Inside Syracuse freshman forward Oshae Brissett’s rise to stardom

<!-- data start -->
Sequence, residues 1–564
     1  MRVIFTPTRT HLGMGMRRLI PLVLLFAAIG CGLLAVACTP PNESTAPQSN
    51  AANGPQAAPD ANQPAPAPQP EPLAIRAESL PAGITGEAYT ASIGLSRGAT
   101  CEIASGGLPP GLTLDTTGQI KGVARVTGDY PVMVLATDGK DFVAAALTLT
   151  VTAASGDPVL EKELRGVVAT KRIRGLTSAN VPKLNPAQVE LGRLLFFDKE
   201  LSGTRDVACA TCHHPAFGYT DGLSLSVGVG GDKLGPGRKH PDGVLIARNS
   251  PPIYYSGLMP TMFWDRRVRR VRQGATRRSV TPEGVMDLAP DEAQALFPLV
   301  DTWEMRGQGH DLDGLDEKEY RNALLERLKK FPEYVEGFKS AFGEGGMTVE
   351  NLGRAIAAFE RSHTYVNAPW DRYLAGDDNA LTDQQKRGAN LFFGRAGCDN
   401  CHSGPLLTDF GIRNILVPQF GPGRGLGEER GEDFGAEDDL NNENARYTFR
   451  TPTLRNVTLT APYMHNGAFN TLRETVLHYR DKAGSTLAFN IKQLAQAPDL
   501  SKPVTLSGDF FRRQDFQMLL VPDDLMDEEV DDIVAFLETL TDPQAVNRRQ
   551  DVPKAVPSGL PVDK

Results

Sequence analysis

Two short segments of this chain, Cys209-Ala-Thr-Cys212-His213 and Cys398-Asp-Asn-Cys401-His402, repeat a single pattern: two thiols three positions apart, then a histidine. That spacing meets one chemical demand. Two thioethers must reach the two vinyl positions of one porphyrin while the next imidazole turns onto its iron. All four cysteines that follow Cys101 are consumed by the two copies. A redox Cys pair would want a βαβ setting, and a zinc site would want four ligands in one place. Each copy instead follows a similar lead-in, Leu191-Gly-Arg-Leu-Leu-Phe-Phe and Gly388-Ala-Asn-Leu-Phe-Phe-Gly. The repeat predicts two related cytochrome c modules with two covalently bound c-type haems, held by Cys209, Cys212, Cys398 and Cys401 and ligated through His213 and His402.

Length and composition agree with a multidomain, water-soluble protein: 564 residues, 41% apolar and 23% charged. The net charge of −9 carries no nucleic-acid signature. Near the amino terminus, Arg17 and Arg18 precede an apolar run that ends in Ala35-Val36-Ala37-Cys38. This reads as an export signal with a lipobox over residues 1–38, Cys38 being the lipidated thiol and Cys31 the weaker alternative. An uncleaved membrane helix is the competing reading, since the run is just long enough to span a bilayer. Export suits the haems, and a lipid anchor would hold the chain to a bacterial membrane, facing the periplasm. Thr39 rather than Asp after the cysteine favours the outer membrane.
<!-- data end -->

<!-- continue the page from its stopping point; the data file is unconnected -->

first_img Published on March 23, 2018 at 1:17 pm Contact Matthew: | @MatthewGut21 OMAHA, Neb. — After every Syracuse practice, Oshae Brissett grabs a basketball and walks over to a basket. Usually, in the Carmelo K. Anthony Basketball Center. Recently, it’s in the gym of whatever city Syracuse is playing in — from Brooklyn to Dayton, to Detroit to Omaha. Associate head coach Adrian Autry always joins to offer pointers. For 30 to 45 minutes following every practice, Brissett just shoots. He hits 3s from the wing. Jumpers from the elbow. Pull-ups along the baseline. Shots off the dribble. Mostly, shots from beyond 17 feet out. There’s no clock to the routine. If the workout lasts an hour, it lasts an hour. The workouts feature just a ball, a basket and a goal, which is to become a more dynamic player by developing into a better deep shooter. That’s why Brissett began to re-train his shot and his approach. He knew he needed to change following the nonconference slate, because ACC defenses would sag off and limit drives. Not anymore. Brissett tweaked his shot by elevating his release point. He spread out his fingers to foster a more consistent follow through. When his shots hit the front of the rim in shootaround, he knows to lift more in the legs. When his shots go off the back of the rim, he knows he needs to relax. And he’s re-tooled his approach, learning when to drive with his explosive first step and when to rise into his shot. Brissett, Syracuse’s 6-foot-8, 210-pound forward and do-it-all playmaker, is a lead reason for why Syracuse has gone from bubble team headed straight for the NIT all the way to the Sweet 16. The 19-year-old landed on the back page of the New York Daily News last week, and he’s boosting his draft stock one dazzling play after another. The 11th-seeded Orange (23-13, 8-10 Atlantic Coast) will count on him Friday night against No. 2 seed Duke (28-7, 13-5) in the Sweet 16. “He’s just kept going. Kept going,” said Autry, who recruited Brissett. “He has a lot of tools and we recognized that right when he came in. To shoot it, drive it, he can do so much. The sky’s the limit for the kid, because he’s an unbelievable worker.”AdvertisementThis is placeholder textSyracuse’s NCAA Tournament run began in the First Four, when Oshae Brissett scored 23 points with 12 rebounds in a win over Arizona State. Alexandra Moreo | Senior Staff PhotographerFlashback to just before high school, summer of 2013, when Brissett told his parents he wanted to stay home in Mississauga, Ontario.“I was scared,” Brissett said before the season. “I didn’t want to go at all.”Brissett reluctantly left home for a chance to make it big. He enrolled at the Athlete Institute, about 30 miles from home. When you understand his workout regimen there, his more recent post-practice shootarounds make sense. He woke up at about 5:30 a.m. with Tony McIntyre, the father of former Syracuse star Tyler Ennis, to go to the gym and work on skills with a group that included current teammate Howard Washington. Brissett went to the gym two to three times per day.Brissett was somewhat overlooked and only two ACC schools — Boston College and Syracuse — offered him a scholarship. But Autry said he saw all that Brissett could bring: length, athleticism and a drive-first mentality that could make him a star at Syracuse. Autry has drilled him on finishing around the rim, perhaps Brissett’s least-skilled area, and he’s extending his range. “Because he’s done that,” Syracuse assistant coach Gerry McNamara said, “it’s blossomed and opened up his game to be more aggressive in all three areas, whether it be 3-point, midrange or getting all of the way to the rim.”Oshae Brissett has worked hard to refine his jump shot and keep defenses from sagging off him as his freshman season has gone on. Alexandra Moreo | Senior Staff PhotographerBrissett, whom several players said is the most improved player on the team this season, is averaging 17.7 points and 10 rebounds per game during the NCAA Tournament. He’s knocked down nine of his last 22 3-point attempts.Last week, Miles Bridges broke down his defensive game plan against Brissett. Bridges, a surefire NBA Draft pick in three months and likely All-American, guarded Brissett in several one-on-one matchups. He wanted to force Brissett left because “he goes right a lot.” Bridges bodied him up a few times, forcing off-balance shots and a couple of turnovers. Brissett committed five in the game. But his quiet 15 points on 4-of-10 shooting helped offset modest outputs from Tyus Battle and Frank Howard. “He’s aggressive, one of the more aggressive freshmen,” Bridges said after MSU lost 55-53 to SU. “We knew that coming in. I was trying to force him left. He still got past me right sometimes. He’s a great player.”Freshman forward Marek Dolezaj noted that if not for Brissett’s improved shot, the already-sputtering Syracuse offense would be sputtering even more. Brissett’s expanded game opens the floor for Dolezaj, he said, especially in the elbow and free-throw-line extended area. Dolezaj was only half joking when he said that he’s never not seen Brissett and Autry training on his shot after practice. Oshae Brissett matched up with likely NBA Draft first-round pick Miles Bridges on numerous occasions in Syracuse’s upset of Michigan State. Alexandra Moreo | Senior Staff PhotographerBrissett isn’t a perfect prospect. His finishing around the rim is suspect and even he admitted he can be much more consistent. He has struggled against top defenses, including that of Duke. He had just six points against the Blue Devils a month ago. For Syracuse to upset the Blue Devils on Friday night, Brissett knows he has to score the way he has.“I feel like I’ve played better than a lot of people thought I would,” Brissett said. “Just proving people wrong. A lot of you guys have been saying that it’s because I’m from Canada that no one knows who I am. But I think people know now.”Teammates alluded to him sticking around at least one more year, so 2017-18 is far from a make-or-break season. And yet there is a sense that this is the time he’s stepping forward. Arguably Syracuse’s most enthralling prospect is taking off on a big stage, posing a dangerous threat to opposing defenses.There’s a good chance Brissett will continue to blossom from somewhat overlooked high schooler to the spotlight of being a leading scorer on a team searching for a spot in the Elite Eight. It’s clear he projects to be performing in front of large crowds for years to come.“With Oshae,” McNamara said, “he’s really just scratching the surface.” Comments Facebook Twitter Google+last_img read more